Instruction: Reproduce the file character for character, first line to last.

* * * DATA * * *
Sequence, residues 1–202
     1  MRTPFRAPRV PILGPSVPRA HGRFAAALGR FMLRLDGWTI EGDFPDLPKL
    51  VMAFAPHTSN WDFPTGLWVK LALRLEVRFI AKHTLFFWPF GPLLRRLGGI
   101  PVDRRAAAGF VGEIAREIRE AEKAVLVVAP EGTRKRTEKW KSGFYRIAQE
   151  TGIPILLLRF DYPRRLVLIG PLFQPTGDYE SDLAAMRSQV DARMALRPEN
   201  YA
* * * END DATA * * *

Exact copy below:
Sequence, residues 1–202
     1  MRTPFRAPRV PILGPSVPRA HGRFAAALGR FMLRLDGWTI EGDFPDLPKL
    51  VMAFAPHTSN WDFPTGLWVK LALRLEVRFI AKHTLFFWPF GPLLRRLGGI
   101  PVDRRAAAGF VGEIAREIRE AEKAVLVVAP EGTRKRTEKW KSGFYRIAQE
   151  TGIPILLLRF DYPRRLVLIG PLFQPTGDYE SDLAAMRSQV DARMALRPEN
   201  YA